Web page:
The Democrats don’t have the votes to impeach Bush and Cheney.Nothing less than that will bring the war to an end before the expiration of buhs’s term.

10

Aldous 10.19.07 at 6:08 am

“Furthermore, what survey evidence there is suggests that a large majority of Democratic voters do support the use of force – as long as it is to support the UN in upholding international law. You can’t get much more liberal internationalist than that.”

I think that there’s an important question as to whether there are enough liberal internationalist-sympathizers left in the general electorate. There’s a paper in the works from Rick Herrmann (an early version is available here) which explores ideology in the American public in relation to foreign policy questions (centered on Iraq). In my understanding the current version of the paper argues that ideological polarization on FP issues has actually solidified, and the results seem to also confirm that liberals continue to be more internationalist than their conservative counterparts. Unfortunately their data is taken from a survey conducted in 2004. Similarly the survey you cite is from 2005. It would be very instructive as to whether the liberal internationalist sentiments of the American electorate have waned since then, because intuitively I would expect that it has. Anyhow, this may be a bit of a non sequitar but I thought the paper was interesting and relevant to this question.

11

MFB 10.19.07 at 6:59 am

Liberal internationalism depended on the United States being the big gorilla. During the Cold War it was the big gorilla in what was quaintly called the Free World, and thus could bully people into doing what it wanted. After the collapse of the USSR it was the big gorilla in the whole world, although it was a little overstretched, but that collapse so demoralised opponents to the US that the US, with a little bribing and schmoozing, could still do what it wanted with outside support.

That consensus is unravelling. It is not, however, being driven by the US. It is being driven by the declining state of the US in the world. The response of conservatives is to blame the system and claim that if only more violence were used everything would be all right. This is their standard response to every problem, and as usual it is wrong.

12

Guano 10.19.07 at 11:31 am

Quo vadis has it exactly right. No US government would risk putting troops in harm’s way unless the mission could be justified by US interests directly. Thus talk of liberal internationalism and humanitarian interventions have a distinctly surreal feeling.

13

Sebastian Holsclaw 10.19.07 at 4:15 pm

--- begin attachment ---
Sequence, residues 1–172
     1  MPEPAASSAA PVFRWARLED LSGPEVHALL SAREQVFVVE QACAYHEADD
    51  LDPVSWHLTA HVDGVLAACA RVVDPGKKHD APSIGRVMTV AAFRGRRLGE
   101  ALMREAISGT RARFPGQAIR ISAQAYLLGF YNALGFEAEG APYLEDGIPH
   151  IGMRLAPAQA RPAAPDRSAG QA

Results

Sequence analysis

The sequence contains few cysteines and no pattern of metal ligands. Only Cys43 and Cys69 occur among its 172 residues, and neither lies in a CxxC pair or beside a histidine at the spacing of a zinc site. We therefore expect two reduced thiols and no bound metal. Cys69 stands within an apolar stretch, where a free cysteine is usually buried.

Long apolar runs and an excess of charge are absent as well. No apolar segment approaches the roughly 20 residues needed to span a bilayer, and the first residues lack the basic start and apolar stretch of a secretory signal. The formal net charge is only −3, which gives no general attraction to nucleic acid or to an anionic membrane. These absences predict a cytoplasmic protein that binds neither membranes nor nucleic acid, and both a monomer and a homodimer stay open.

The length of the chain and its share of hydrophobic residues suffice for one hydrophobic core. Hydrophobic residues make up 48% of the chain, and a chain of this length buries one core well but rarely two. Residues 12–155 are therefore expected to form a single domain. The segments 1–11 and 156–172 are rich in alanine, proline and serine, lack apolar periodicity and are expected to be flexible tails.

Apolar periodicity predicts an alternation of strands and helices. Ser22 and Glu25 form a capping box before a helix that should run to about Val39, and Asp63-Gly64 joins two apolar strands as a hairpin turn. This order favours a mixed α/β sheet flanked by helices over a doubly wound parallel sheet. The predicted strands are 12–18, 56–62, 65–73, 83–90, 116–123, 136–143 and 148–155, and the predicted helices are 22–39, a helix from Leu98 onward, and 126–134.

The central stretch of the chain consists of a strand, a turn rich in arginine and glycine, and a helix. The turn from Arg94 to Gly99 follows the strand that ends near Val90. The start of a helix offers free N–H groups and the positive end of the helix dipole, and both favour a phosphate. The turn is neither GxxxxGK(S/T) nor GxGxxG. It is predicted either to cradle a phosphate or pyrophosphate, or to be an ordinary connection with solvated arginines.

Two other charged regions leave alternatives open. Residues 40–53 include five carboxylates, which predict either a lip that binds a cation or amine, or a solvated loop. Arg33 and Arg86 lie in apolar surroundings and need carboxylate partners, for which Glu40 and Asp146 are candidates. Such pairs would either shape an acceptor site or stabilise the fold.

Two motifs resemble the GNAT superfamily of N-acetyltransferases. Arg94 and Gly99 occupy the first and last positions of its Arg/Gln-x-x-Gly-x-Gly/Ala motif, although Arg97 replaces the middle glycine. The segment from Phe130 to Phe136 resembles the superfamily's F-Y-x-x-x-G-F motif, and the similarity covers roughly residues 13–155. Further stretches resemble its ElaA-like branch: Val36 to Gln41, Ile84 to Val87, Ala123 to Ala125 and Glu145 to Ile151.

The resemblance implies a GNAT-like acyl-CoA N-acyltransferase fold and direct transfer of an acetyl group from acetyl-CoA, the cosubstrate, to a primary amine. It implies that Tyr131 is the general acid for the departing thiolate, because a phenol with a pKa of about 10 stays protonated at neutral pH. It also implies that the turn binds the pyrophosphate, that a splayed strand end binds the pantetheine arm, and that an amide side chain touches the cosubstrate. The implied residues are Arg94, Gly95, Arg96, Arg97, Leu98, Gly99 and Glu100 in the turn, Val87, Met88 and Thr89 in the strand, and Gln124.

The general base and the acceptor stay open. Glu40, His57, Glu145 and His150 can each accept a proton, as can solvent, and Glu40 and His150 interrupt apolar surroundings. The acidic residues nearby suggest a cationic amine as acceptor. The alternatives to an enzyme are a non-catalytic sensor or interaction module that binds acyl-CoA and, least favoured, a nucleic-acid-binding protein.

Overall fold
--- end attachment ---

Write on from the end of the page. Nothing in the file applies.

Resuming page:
” as long as it is to support the UN in upholding international law. “

This is one of those things that almost anyone will support in theory, because it is fuzzy enough to mean almost anything. The question is: what does it mean in practice? You could get a large majority in the US to agree to “an appropriate level of abortion restrictions when the fetus is developed enough” but the definitions of “appropriate” and “enough” vary wildly such as to make abortion a rather polarized subject.

14

Alex Higgins 10.19.07 at 5:20 pm

“The halcyon era of liberal internationalism is over…”

When was this halcyon period meant to have taken place?

15

aaron 10.19.07 at 6:33 pm

lev – wasn’t there just a conflict between the Dems and Bush over funding? (you may have read about it, it was that conflict where the dems insisted on tacking a concrete withdrawal date onto their funding bill). Eventually, after a protracted battle, the Dems gave way, although winning some concessions in the process (in my opinion, this was the right decision, as they had no chance to actually win that battle). So, good as your solution is, it’s been tried. The truth is that we’re not going to pull out of Iraq while Bush is in the White House.

16

aaron 10.19.07 at 6:39 pm

Clinton’s foreign policy was the closest thing we’ve had to liberal internationalism, but it mostly consisted of postponing problems, rather than actually solving them. This is what happens when your foreign policy consists of listening to the UN and encouraging freer markets around the world.
So I suppose Clinton’s presidency was the halcyon period of liberal internationalism, but there was definitely some room for improvement.

17

Martin James 10.19.07 at 6:50 pm

lev,

I agree with your analysis except for the part about them not giving voters what they want. I would cite Sen. Lieberman as an example.

An independent that supports the war beats a “True Democrat” that wants to withdraw above all else in most statewide votes.

Your beef should be with the average voter.

18